Why bother paraphrasing when you can just quote the primary or secondary source? With a variety of benefits, paraphrasing comes in handy in quite a few different situations. In particular, here are six common reasons to paraphrase:
1 Improve word choice
Sometimes you just want to rewrite the original text in your own words—maybe you want to fit it to your personal writing style, or perhaps you just prefer your own word choice. In any case, paraphrasing gives you the chance to pick your own words or phrases while keeping the core of the message the same.
2 Change subject matter
Paraphrasing is very useful if you like the wording of the original passage but want to change the subject to apply to something else. For example, Will Rogers’s famous quote, “I never met a man I didn’t like,” is often paraphrased, sometimes humorously, as in comedian Jim Gaffigan saying, “I never met a cheeseburger I didn’t like.”
3 Avoid overusing quotes
Quotations are great when the author said it best themselves, but use too many quotes and you’re essentially just copying someone else’s work. If you’re constantly referencing others’ works, it’s best to switch between paraphrasing and direct quotes to make a piece of writing your own.
4 Avoid problematic language
Other times, it could be insensitive or outdated language. For example, the famous (albeit antiquated) line “a good man is hard to find” can be paraphrased more modernly as “a good partner is hard to find.”
5 Shorten lengthy quotes
Last, paraphrasing works wonders when you need to condense a long, verbose quote to make it more digestible. Some writers get paid by the word, so to speak, but if you’re writing something meant to be concise, you can paraphrase their original text more succinctly.
Paraphrasing vs. summarizing
Paraphrasing and summarizing are two similar and related ideas, so it makes sense that they’re often confused with each other.
To tell them apart, think of them like this: Paraphrasing is putting an individual passage into your own words while summarizing is putting a text or passage’s main idea, theme, or story into your own words.
Summarizing deals with the big picture, such as an entire body of work or a complete chapter, while paraphrasing deals with specific passages, from a few words to a few paragraphs, but nothing terribly lengthy. Summaries are always shorter than their original source, but paraphrases are typically around the same length as, if not slightly shorter than, their source.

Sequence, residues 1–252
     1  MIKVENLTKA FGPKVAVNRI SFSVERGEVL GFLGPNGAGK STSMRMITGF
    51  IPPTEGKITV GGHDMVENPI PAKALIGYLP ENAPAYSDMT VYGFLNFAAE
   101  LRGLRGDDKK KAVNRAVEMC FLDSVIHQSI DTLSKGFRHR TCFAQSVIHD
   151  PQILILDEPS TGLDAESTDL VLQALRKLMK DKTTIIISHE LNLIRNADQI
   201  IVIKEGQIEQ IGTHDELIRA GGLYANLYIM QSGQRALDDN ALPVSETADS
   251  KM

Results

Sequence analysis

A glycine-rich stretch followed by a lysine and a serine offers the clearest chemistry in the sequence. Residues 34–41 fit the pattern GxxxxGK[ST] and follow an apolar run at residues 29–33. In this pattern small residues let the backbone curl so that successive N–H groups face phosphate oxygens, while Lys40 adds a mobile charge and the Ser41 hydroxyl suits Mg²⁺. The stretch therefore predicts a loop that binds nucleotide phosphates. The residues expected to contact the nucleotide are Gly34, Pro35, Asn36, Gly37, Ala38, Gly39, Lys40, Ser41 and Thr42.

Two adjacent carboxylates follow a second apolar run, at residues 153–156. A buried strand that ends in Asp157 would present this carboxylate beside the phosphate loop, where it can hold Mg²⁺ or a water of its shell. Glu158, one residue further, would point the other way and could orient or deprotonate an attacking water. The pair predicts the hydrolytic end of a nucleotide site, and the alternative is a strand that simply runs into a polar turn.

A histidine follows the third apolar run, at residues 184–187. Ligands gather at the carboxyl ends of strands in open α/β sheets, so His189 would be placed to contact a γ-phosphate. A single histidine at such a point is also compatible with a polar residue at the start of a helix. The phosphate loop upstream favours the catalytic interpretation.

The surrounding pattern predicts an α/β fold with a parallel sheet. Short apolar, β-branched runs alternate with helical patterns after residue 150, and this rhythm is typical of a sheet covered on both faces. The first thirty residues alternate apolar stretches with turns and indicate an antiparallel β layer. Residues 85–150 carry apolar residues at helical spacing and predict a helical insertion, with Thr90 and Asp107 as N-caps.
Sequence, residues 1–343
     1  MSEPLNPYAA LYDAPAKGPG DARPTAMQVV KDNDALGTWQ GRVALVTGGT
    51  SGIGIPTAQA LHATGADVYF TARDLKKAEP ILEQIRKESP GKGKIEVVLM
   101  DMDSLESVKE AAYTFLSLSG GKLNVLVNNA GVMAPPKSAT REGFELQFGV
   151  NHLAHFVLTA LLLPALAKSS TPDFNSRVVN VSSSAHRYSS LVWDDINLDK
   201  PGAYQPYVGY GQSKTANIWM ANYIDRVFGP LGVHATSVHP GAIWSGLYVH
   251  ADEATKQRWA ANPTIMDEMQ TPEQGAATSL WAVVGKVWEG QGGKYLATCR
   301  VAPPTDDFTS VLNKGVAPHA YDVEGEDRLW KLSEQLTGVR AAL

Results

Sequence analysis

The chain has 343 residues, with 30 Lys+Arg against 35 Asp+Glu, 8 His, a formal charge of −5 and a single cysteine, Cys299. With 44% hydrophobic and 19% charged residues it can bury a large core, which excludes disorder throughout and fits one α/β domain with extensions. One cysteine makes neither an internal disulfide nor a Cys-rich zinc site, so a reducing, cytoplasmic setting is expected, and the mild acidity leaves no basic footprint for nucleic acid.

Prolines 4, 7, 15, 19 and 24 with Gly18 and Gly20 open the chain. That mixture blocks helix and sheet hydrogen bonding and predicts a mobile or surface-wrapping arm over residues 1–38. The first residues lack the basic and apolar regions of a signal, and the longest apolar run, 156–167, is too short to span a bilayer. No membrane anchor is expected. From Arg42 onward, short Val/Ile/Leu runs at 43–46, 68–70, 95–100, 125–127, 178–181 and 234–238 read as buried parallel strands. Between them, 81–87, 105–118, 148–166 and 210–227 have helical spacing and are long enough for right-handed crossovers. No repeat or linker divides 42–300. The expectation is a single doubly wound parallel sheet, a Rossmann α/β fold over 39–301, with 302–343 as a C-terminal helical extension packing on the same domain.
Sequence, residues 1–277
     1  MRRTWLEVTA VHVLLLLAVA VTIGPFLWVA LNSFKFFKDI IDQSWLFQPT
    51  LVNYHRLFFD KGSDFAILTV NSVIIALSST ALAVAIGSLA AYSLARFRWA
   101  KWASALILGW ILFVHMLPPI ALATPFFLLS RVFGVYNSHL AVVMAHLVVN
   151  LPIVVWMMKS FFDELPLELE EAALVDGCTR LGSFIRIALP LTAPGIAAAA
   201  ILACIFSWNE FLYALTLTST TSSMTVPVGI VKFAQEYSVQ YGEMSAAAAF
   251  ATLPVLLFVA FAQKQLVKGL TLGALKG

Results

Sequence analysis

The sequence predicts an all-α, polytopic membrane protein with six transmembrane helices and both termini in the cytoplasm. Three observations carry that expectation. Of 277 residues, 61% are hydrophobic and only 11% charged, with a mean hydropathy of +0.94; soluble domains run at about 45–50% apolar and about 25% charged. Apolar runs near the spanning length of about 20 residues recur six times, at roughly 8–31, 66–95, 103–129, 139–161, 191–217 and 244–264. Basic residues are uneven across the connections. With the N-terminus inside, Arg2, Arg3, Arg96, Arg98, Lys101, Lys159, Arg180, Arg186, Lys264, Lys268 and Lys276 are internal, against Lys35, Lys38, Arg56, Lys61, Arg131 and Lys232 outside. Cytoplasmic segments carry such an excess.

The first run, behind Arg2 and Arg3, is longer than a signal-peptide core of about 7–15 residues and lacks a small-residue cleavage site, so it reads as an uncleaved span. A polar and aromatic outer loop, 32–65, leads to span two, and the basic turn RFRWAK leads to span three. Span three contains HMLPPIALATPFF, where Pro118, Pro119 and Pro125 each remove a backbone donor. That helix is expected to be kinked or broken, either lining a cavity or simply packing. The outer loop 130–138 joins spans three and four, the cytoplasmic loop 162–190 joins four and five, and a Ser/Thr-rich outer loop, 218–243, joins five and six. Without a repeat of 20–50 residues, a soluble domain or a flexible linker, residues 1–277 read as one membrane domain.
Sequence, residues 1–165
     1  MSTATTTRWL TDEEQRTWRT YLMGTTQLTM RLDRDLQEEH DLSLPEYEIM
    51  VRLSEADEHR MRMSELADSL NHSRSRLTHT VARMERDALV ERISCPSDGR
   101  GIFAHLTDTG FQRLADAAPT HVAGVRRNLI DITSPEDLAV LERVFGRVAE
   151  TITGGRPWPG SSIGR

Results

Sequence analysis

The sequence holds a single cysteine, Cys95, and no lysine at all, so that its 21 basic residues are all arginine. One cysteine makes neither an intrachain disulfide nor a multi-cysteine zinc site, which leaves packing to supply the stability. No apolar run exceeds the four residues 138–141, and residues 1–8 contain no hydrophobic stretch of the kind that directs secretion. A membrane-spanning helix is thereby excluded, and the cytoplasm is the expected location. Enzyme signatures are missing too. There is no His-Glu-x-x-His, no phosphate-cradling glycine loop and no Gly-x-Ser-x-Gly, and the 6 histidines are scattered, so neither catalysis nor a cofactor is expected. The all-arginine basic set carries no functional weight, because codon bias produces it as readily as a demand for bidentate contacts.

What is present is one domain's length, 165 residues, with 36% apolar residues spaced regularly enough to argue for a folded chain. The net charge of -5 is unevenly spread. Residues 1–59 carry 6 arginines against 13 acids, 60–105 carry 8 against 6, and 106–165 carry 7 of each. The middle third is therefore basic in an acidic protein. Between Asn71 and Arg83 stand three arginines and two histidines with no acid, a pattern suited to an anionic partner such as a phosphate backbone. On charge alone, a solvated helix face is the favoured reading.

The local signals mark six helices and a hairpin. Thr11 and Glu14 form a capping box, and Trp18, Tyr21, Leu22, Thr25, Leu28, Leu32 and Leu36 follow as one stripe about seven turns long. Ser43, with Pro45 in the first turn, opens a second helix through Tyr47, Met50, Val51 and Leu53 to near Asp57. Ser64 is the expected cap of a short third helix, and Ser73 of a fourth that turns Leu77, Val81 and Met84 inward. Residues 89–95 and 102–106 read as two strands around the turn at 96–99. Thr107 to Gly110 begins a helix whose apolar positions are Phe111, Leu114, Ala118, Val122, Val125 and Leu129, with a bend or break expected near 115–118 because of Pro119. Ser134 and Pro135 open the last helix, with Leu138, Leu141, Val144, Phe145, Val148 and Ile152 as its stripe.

Another distinction is that summaries tend to gloss over the details, as we mentioned when explaining how to write a summary, whereas paraphrases can still incorporate everything, as long as it’s reworded.
Have specific questions about paraphrasing and how to paraphrase? You’re not alone! Here are some frequently asked questions about paraphrasing by others just like you.
What is an example of paraphrasing?
The original passage from the US Declaration of Independence, “All men are created equal,” can be paraphrased in a more progressive way as “All people are created equal.”
How do you paraphrase a sentence?
Some common techniques for paraphrasing involve using synonyms, changing the parts of speech, rearranging the sentence structure, and adding/removing specific sections.
What makes a good paraphrase?
A good paraphrase has the same meaning as the original source, but with new words or phrases. It’s best for taking another author’s sentiments and expressing them in your own personal style.
Ensure your writing is original
When writing essays, research papers, and other academic writing assignments, you’re expected to turn in documents that are wholly original and in your own words. However, unintentional plagiarism is a risk many students face. Enter Grammarly’s plagiarism detector, which checks your writing against billions of online texts to flag any instances of unoriginal wording. Writing with Grammarly helps you avoid plagiarism and get better grades in the process.